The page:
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Standard Chartered Hong Kong Marathon

Health checks are a must for runners

  • The city’s premier annual running carnival attracts tens of thousands of entrants
  • But in an eagerness to take part, many runners overlook the need for health assessments and adequate preparation
PUBLISHED : Saturday, 29 December, 2018, 10:49pm
UPDATED : Sunday, 30 December, 2018, 8:13am

Hong Kong’s fitness boom inevitably means the city’s premier annual running carnival, the Standard Chartered marathon, attracts tens of thousands of entrants. The popularity is such that organisers have had to restrict numbers for the next edition on February 17 and just 35,000 will be able to compete in the 10km race, the most keenly contested. But a coroner’s inquest into the death of a man during the contest in 2015 has raised a matter too easily overlooked in the eagerness to take part; that health assessments and being properly prepared are necessities. If every participant made the effort, tragedies and injuries would be reduced.

Deaths have occurred from time to time in the two decades since the Standard Chartered bank began sponsoring the event, which is organised by the Hong Kong Amateur Athletic Association. Each year, there are hundreds of people who require medical treatment for injuries, dehydration and exhaustion. The rigours of distance running are not always appreciated by newcomers driven to participate through community excitement and peer pressure. Among those wanting to compete are likely to be runners unaware they have serious pre-existing and undetected health conditions.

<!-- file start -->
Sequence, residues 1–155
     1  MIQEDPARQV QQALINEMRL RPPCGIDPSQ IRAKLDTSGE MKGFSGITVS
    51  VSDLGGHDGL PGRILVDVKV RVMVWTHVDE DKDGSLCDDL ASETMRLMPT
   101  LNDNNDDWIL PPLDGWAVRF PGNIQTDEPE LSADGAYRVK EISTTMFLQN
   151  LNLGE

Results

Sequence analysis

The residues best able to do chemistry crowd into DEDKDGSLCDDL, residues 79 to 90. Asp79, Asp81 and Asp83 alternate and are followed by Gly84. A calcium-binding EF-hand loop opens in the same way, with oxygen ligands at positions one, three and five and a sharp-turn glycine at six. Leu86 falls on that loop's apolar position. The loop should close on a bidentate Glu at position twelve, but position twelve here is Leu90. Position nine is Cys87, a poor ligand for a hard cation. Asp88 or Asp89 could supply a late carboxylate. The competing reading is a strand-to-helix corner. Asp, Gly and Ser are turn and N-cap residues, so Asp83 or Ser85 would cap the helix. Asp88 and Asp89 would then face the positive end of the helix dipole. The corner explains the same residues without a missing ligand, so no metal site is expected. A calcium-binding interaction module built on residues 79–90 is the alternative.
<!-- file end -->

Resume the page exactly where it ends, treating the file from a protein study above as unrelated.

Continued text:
Runner dies three days after collapsing in annual 10km race

Competitive distance running is intense exercise. People should not walk onto the course without being prepared. A health check and doctor’s clearance should be an essential starting point. Then has to come the training; sports medicine and science professionals advise that for the 10km event, runners should begin two to three months ahead of the race, participants in the 42km full marathon should train five times a week over a year, and those doing the half-marathon the same over six months.

Deaths during long distance races most often occur in people with undiagnosed heart problems, usually in those who are older or have inherited conditions. Such deaths are rare, but they underscore why a health check-up by a doctor beforehand is important. People who are overweight or unfit, have had a previous injury or whose bodies are not properly aligned are likely to get hurt while competing. These are matters those looking forward to the upcoming races need to give thought to.